It didn't completely ruin my fascination, however. In sixth grade, I had a friend in my class at school who was pretty cute, for a twelve-year-old (besides the fact that his name was Clark - I was an avid fan of Lois and Clark: The New Adventures of Superman - my best friend was impressed that I had managed to find my own Clark), and he loved sharks, too. Even so, I was proud to say that my fascination had existed before I knew him. I kept a list that he gave me of every shark species that had ever existed in the world. The plan was to research all the sharks on the list, until I knew at least a few things about all of them. I never got very far, but one I do remember in particular was the Carcharodon megalodon, a prehistoric shark which was probably extra interesting considering it was extinct and a lot of the information I found about it was speculative. Later, I did a science report on the tiger shark, which was another favorite of mine (mostly because I knew about it).

"What would I do, if little Dierdre were suddenly here, bursting out of her St. Mary's uniform, asking me what comes next? I'd say, Baby, don't you worry about a thing. Everything's gonna be great. I mean, how many of us turn out the way we think we will when we're kids? How many of us grow up to be astronauts...or prima ballerinas? We just all do the best we can."--Disney's "The Kid"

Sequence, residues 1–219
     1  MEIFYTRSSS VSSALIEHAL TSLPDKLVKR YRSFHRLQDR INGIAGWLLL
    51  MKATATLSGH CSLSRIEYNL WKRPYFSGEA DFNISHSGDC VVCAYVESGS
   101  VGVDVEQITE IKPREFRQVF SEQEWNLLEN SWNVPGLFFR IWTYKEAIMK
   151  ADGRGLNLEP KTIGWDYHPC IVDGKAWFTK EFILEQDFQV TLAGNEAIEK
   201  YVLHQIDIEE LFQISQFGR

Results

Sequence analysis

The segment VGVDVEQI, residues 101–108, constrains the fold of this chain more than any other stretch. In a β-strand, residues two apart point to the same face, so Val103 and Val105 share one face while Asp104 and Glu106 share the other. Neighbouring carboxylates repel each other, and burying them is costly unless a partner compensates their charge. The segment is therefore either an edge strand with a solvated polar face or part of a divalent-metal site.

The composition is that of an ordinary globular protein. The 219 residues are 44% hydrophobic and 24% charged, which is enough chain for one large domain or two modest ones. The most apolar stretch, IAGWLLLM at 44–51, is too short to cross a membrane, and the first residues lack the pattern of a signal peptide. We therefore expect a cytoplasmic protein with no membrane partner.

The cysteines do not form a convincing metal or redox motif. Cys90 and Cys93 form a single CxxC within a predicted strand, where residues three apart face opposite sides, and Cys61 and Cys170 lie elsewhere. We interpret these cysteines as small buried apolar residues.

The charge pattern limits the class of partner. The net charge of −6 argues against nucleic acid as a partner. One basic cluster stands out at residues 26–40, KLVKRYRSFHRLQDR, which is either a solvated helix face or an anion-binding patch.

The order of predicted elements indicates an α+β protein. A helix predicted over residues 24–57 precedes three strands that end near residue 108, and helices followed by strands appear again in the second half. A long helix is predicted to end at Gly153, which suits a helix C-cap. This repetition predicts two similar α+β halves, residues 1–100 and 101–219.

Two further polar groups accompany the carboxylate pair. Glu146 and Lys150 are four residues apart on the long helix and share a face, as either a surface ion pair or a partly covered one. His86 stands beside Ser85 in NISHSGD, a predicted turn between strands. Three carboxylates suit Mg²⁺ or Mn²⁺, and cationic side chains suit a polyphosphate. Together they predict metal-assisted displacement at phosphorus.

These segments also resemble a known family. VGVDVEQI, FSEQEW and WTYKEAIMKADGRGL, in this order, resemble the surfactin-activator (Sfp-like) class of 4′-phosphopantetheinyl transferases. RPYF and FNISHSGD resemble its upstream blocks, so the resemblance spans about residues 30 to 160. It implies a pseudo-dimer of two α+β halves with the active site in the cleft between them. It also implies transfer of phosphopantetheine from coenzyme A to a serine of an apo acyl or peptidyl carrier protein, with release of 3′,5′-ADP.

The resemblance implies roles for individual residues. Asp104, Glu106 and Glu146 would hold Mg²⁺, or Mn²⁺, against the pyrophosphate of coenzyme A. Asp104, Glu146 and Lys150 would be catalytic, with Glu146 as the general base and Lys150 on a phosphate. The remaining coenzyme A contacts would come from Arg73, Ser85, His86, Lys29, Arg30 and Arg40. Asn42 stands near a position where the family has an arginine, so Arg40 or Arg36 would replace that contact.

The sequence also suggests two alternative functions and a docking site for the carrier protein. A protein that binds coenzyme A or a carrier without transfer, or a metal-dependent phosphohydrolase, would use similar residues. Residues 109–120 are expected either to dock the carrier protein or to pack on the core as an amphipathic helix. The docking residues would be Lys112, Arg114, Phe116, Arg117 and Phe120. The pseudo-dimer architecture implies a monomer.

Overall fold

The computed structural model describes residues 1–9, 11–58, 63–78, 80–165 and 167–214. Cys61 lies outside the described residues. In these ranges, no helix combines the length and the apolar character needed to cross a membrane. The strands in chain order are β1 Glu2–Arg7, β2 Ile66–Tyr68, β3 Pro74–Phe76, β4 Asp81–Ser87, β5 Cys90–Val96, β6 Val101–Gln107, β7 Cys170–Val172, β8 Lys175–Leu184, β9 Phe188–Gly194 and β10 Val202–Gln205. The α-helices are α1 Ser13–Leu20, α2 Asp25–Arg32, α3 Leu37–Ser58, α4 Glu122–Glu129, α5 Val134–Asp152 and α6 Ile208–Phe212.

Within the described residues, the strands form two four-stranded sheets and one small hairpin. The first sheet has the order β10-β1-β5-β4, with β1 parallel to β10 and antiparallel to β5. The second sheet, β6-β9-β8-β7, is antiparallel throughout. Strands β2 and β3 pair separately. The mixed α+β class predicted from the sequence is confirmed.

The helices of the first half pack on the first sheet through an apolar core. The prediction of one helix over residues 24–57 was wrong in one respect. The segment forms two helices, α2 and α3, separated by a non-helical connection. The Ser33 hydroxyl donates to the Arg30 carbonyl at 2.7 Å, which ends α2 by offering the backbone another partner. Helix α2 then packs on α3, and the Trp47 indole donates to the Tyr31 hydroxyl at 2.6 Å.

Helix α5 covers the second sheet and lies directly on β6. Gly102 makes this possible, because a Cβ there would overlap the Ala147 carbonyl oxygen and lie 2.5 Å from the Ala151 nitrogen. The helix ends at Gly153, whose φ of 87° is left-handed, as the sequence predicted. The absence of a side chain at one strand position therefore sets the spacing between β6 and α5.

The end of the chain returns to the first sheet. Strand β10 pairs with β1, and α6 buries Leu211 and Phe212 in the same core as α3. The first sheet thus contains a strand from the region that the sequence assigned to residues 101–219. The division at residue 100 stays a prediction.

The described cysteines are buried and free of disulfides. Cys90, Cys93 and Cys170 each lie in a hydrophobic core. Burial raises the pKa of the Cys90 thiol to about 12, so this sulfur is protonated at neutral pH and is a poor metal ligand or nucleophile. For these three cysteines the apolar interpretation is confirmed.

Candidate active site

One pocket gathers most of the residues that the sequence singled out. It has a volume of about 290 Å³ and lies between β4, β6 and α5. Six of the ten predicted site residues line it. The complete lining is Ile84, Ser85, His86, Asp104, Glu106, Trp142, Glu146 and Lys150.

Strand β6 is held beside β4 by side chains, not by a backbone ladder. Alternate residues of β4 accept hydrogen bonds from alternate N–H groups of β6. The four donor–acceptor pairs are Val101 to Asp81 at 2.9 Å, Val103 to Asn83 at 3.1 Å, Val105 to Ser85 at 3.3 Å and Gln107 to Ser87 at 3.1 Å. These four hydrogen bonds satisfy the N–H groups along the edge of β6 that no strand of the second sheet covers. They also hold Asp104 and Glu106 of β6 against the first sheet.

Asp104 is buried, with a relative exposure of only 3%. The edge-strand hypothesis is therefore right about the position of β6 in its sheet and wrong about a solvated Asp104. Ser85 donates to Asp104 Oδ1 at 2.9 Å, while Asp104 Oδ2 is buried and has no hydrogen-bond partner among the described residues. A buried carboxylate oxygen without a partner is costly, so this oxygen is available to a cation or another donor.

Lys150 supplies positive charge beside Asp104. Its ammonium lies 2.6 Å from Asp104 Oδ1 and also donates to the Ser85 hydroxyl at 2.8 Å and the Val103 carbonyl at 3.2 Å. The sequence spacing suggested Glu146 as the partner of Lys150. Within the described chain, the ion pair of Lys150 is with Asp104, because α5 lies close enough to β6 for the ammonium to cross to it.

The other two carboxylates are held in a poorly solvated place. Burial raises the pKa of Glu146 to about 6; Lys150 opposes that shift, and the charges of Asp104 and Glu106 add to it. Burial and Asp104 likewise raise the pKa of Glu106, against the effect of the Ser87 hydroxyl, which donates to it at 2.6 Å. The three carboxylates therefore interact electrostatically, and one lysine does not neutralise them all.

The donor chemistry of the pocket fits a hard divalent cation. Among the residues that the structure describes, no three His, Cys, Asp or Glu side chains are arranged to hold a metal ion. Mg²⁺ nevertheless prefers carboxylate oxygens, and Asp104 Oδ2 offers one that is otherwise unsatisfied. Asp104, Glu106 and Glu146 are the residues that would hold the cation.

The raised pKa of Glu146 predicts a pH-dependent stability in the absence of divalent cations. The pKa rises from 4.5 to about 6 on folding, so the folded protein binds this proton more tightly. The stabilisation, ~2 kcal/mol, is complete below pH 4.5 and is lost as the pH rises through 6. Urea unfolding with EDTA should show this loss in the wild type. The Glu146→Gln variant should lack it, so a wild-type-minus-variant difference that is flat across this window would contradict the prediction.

I have an addiction.

And, like any recovering addict, even though I've been free for about seven months now, sometimes I have relapses. I've been doing pretty well at fighting them, but sometimes you just lose control.

Hi. My name is Olympus, and I'm a ballroom dancer.

I quit dancing seriously in January, and have since taken small, token classes just for fun, to keep my foot in the door. However, the dance world is not one in which you can be half in-half out. You kinda have to choose one. If you only half try, you get left behind.

You know that feeling where you aren't just doing figures anymore - where you know the figures well enough that you don't have to think about them anymore and you just feel the dance? That's where the wonder in dancing lies. That's where the addiction comes from. I haven't felt that in a long time.

Today in my gold Latin class, I tasted it - just for a minute - but I got it back. And I kinda remembered why I don't strive for that like I used to.